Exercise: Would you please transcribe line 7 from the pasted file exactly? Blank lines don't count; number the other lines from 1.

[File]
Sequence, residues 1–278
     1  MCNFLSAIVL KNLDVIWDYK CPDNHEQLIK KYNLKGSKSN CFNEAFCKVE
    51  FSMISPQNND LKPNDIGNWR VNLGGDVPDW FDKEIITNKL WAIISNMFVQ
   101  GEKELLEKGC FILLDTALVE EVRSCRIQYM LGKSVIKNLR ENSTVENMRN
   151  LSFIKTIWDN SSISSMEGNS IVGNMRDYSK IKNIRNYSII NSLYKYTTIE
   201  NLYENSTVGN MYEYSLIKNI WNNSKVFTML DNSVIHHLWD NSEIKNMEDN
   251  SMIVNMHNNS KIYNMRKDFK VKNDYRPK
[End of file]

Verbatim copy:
   251  SMIVNMHNNS KIYNMRKDFK VKNDYRPK